Community Leader Development: Guide for People Who Want to Make a Difference (E2686)
October 27, 2015
This book is for community-based workers—volunteers, coordinators, grassroots organizers, Extension educators and anyone else who is trying to make a difference in his or her community. It is not a recipe book, "How To Make Community Leaders"— instead, it is a gathering of ideas that seem to work in many communities across Michigan.
This book grew out of the experiences of CLIMB—Community Leadership Initiatives, Michigan's Best—a collaborative project undertaken by Michigan State University Extension (MSUE) involving numerous community members and community projects across Michigan from 1994 through 1995. Funding was provided by MSUE and the W.K. Kellogg foundation. CLIMB promotes innovative approaches to developing broad-based leadership within communities, with many or all members sharing leadership and decision-making responsibility. People involved in CLIMB projects focus on issues of Importance to the local community, develop leadership in the process of addressing problems and collaboratively seek new solutions.
Throughout this book, the ideas presented are Illustrated with real-world examples from people and community projects associated with CLIMB. For more about CLIMB community projects, see page 48
How are some communities developing leadership?
• UP LEAD, in Michigan's Upper Peninsula, brought people from 13 counties together to learn about community leadership, identify issues that they cared about and form small groups to do something about these issues. Groups came back together after six months to share what they had accomplished and learned through these small projects. Many then went on to address other issues within their communities.
• GOLD, which stands for Grassroots Organization Leadership Development, is implemented by the Neighborhood Information and Sharing Exchange (NISE) organization in Benton Harbor. It works with people who are trying to make a difference in their community, giving them the chance to acquire some of the skills needed to work effectively with "the system." GOLD trains participants in effective communication, community organizing, conflict resolution and more. Members directly apply these new skills to their on-going projects and are making a difference in their community.
• The Gratiot Woods Coalition, on Detroit's East Side, is a group of neighbors who came together to try to Improve the appearance of their community. In the process of clearing out lots, planting flowers and getting rid of crack houses, members realized they can make a difference, that their voices count and that the possibilities of what they can accomplish together are endless.
Why is community leadership development important?
Gone are the days when institutions such as local government, the police and schools can adequately address the community concerns they were created to solve. Gone, too, are the days when a few wealthy or powerful Interests can meet behind closed doors and decide the future of a community. Instead, most communities now recognize the need for a broader base of community involvement to more fully understand complex problems and also to bring a wider range of players, assets and ideas into the decision-making arena.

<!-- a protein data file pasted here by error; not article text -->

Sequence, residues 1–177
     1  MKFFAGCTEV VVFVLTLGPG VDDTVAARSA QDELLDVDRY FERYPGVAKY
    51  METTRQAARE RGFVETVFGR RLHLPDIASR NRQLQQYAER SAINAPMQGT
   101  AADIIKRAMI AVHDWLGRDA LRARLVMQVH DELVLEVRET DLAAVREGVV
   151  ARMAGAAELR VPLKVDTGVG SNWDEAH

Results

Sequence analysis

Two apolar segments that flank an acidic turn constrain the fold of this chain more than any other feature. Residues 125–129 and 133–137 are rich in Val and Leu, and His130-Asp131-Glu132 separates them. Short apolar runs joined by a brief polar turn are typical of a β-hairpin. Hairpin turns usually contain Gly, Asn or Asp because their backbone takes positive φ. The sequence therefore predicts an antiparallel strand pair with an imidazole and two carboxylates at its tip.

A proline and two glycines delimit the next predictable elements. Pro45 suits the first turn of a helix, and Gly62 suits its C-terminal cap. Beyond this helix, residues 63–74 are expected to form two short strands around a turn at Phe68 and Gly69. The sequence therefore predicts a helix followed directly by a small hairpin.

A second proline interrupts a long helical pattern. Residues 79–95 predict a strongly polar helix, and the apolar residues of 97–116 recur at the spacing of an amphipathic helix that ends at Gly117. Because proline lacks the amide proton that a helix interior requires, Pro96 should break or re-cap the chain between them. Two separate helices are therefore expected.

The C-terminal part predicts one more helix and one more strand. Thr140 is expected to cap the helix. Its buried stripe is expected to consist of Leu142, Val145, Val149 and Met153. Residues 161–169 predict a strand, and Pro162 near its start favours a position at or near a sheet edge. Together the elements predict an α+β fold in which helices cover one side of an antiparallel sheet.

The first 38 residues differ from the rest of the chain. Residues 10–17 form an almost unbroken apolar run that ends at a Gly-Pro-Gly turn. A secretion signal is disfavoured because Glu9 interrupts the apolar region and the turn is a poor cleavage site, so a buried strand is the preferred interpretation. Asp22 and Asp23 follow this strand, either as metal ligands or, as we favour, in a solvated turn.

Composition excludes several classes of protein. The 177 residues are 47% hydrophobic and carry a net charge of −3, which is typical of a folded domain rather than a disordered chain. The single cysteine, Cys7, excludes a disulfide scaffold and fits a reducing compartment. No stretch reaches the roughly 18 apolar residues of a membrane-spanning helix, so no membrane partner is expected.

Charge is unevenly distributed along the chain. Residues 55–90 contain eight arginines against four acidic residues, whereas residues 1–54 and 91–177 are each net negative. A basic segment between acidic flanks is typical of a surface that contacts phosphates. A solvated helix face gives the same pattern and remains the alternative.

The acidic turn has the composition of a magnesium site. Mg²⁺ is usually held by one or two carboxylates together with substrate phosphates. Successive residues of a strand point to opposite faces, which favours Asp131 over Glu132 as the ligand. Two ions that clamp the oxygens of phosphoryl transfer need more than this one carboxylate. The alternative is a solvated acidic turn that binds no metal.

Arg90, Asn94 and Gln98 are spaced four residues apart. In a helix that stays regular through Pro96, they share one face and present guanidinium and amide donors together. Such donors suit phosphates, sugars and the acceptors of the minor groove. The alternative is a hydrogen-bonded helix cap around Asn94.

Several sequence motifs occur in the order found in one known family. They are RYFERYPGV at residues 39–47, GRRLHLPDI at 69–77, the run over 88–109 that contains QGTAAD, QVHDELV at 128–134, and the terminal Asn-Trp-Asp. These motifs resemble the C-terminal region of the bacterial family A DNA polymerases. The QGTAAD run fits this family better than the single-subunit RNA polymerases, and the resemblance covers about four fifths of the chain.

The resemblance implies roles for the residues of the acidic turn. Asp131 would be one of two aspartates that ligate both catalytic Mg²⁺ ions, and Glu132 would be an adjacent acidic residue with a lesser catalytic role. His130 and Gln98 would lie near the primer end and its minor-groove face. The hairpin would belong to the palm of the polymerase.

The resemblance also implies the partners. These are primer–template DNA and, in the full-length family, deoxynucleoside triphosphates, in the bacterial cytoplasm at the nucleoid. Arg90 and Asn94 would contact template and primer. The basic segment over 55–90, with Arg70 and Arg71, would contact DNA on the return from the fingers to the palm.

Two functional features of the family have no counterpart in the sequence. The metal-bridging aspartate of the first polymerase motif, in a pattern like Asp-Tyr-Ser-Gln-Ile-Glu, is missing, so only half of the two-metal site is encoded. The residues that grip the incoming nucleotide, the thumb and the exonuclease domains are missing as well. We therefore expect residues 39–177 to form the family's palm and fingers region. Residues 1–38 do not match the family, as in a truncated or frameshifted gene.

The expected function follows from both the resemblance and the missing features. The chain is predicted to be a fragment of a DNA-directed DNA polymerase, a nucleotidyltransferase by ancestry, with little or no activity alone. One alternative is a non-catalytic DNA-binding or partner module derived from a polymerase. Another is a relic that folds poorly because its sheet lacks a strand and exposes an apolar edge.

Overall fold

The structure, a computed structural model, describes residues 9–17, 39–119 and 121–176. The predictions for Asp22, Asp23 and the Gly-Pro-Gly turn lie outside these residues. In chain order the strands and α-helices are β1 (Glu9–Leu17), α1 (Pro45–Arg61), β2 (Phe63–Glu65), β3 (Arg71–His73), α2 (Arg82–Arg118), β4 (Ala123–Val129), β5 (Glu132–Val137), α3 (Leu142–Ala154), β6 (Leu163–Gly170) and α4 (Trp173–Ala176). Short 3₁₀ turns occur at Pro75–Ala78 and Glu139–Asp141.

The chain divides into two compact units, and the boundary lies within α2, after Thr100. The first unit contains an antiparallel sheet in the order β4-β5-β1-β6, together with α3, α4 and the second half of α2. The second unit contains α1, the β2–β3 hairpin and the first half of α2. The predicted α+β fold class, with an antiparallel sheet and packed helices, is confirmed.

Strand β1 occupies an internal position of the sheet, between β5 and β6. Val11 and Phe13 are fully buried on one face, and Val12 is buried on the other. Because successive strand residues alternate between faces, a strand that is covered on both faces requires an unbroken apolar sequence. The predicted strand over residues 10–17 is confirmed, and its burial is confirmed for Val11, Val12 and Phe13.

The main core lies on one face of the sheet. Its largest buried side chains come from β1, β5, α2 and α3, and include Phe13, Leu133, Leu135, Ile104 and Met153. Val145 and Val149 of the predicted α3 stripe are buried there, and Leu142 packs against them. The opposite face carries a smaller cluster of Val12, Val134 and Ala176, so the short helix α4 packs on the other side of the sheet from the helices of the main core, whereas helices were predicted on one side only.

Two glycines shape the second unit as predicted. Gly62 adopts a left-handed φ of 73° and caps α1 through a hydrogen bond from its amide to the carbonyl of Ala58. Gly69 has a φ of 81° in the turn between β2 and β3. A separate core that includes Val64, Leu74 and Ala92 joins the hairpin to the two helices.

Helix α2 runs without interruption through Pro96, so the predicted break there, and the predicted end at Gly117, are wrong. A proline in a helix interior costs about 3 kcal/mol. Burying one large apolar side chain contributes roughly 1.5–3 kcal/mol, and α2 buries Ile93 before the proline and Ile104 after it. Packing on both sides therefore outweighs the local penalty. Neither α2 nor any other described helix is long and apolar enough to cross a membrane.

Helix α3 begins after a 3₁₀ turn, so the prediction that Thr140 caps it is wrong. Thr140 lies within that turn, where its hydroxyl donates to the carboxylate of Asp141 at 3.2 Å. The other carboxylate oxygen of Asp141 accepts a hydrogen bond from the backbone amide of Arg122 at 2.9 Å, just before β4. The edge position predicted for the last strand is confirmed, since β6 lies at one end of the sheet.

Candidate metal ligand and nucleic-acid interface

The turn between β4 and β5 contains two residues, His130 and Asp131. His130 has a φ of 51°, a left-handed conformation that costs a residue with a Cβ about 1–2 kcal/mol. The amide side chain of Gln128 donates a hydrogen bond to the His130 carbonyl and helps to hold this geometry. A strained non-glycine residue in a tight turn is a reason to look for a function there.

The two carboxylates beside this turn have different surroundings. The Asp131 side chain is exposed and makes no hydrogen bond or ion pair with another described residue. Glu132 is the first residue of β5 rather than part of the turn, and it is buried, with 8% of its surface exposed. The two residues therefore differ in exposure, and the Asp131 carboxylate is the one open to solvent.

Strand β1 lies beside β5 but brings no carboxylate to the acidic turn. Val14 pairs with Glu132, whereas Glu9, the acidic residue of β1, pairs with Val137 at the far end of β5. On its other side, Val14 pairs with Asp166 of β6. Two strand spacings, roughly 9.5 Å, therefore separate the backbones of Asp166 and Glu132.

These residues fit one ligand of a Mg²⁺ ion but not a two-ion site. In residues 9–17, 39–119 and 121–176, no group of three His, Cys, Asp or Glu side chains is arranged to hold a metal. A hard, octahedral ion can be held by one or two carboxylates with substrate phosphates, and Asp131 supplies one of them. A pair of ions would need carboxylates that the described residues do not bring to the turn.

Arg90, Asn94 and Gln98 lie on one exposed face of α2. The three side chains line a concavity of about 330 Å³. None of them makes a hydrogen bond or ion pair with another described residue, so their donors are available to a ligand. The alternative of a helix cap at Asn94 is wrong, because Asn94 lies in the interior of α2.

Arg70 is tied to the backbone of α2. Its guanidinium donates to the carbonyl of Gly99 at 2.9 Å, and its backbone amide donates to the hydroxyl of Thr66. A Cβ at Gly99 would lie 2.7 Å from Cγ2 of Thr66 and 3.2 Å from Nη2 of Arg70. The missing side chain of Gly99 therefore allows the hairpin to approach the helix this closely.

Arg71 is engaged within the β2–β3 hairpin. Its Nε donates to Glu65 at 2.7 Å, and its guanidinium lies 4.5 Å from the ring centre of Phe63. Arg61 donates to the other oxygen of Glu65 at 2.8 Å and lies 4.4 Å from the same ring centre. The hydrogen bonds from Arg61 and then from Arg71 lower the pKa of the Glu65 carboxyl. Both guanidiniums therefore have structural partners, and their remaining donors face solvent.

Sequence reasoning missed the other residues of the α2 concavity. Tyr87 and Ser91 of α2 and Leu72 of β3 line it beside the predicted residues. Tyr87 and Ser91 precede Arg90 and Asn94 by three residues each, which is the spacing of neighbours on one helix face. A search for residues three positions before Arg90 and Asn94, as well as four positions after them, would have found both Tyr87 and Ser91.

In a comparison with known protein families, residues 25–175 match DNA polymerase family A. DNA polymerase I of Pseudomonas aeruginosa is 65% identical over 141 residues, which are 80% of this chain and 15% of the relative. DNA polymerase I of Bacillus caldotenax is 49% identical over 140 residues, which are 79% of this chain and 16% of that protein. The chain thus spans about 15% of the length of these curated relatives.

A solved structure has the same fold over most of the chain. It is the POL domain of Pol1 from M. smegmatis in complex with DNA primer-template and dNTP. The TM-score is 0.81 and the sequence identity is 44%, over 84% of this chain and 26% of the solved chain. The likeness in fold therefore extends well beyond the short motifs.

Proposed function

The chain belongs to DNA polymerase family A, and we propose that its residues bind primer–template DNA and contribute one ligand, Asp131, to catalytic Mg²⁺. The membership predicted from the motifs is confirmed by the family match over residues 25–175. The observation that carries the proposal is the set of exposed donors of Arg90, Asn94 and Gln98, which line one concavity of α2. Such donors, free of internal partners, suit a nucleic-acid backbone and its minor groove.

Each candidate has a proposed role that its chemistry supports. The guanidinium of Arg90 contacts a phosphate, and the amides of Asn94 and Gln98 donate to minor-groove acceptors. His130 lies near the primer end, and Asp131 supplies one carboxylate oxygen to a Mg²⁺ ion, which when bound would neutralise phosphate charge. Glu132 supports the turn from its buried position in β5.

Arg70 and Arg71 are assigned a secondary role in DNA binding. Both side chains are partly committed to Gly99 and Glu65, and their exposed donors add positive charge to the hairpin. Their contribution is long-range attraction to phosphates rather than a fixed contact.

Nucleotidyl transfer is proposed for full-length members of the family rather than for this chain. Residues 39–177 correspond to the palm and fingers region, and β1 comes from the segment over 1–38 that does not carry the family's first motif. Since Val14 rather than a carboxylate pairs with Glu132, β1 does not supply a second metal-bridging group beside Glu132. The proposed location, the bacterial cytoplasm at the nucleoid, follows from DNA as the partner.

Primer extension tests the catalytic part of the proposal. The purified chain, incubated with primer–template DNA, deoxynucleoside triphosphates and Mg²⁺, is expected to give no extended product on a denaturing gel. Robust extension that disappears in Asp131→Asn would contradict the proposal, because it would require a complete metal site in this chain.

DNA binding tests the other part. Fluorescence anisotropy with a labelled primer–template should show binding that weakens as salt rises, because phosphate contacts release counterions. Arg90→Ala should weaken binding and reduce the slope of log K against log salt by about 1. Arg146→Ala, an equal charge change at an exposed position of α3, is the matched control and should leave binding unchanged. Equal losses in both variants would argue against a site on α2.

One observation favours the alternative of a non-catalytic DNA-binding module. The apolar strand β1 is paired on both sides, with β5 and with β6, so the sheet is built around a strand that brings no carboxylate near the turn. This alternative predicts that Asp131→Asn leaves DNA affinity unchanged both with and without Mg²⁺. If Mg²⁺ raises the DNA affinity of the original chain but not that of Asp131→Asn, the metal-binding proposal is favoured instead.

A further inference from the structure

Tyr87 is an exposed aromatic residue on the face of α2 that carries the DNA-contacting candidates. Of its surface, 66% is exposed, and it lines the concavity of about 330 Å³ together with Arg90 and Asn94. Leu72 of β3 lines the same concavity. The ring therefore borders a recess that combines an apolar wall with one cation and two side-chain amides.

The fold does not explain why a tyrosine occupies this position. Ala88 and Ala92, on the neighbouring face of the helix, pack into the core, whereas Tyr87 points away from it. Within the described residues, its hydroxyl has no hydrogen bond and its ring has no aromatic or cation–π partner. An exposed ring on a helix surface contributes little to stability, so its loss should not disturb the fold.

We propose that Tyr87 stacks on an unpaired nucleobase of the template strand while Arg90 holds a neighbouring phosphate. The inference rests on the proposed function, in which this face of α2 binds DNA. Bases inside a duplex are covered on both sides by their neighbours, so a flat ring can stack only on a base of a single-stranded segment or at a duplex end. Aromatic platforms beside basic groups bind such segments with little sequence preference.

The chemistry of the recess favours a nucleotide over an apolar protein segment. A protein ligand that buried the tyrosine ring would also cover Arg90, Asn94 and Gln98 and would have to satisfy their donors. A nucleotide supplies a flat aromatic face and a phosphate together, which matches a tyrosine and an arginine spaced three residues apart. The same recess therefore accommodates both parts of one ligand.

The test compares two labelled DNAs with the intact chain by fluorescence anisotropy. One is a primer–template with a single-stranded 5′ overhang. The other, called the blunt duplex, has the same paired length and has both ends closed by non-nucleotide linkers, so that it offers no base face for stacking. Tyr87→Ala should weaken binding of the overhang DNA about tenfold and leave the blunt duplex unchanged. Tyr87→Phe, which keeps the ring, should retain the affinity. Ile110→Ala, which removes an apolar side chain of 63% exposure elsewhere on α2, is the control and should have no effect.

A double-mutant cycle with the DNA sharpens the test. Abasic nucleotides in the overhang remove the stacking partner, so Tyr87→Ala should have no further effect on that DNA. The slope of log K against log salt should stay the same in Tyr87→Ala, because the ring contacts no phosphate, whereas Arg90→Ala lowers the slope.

The rules of engagement have also changed. Gone are the days when top-down "command and control strategies, so common in organizations and businesses, can be used effectively in the community setting. A new order, based on consensus, respect and shared responsibility, is emerging, creating new challenges for communicating openly and honestly, nurturing relationships, making decisions and working collaboratively.
It is increasingly difficult to find people with the time and Interest to spend hours and hours on community, school or church activities. Oh, there are still plenty of people doing things in their communities—you're one of them. E3ut how do we get more people Involved? How do we keep people Involved? How can we come together with others to develop new and more effective responses to community concerns? Challenges and (questions like these are why a focus on community leadership development is important.
What do we mean by community leadership development?
CLIMB identified nine principles of community leadership development. Of course, there may be more. But these were brought up frequently by people involved in community projects.
• Honors its heritage, embraces its future and cares for its members.
• Identifies and builds upon shared interests and values.
• Values diversity.
• Shares responsibility.
• Fosters collaboration.
• Intends action.
• Bolsters local capacity.
• Is issue-based but not issue-bound.
• Offers a context for learning.
Each of these is imbedded in a process occurring over time. Community leadership development is not a one-shot deal—get trained or do this and you're a leader. It takes time, relationships, trus t and commitment. It is a process of understanding how an issue affects each person, then developing a shared commitment to—and plan for—making appropriate changes.
This process needs to be adapted to your local situation, 'borne of these principles may be more relevant than others. The key is to use what is helpful, learn from all of it and continue discovering for yourselves what builds effective community leadership in your community.
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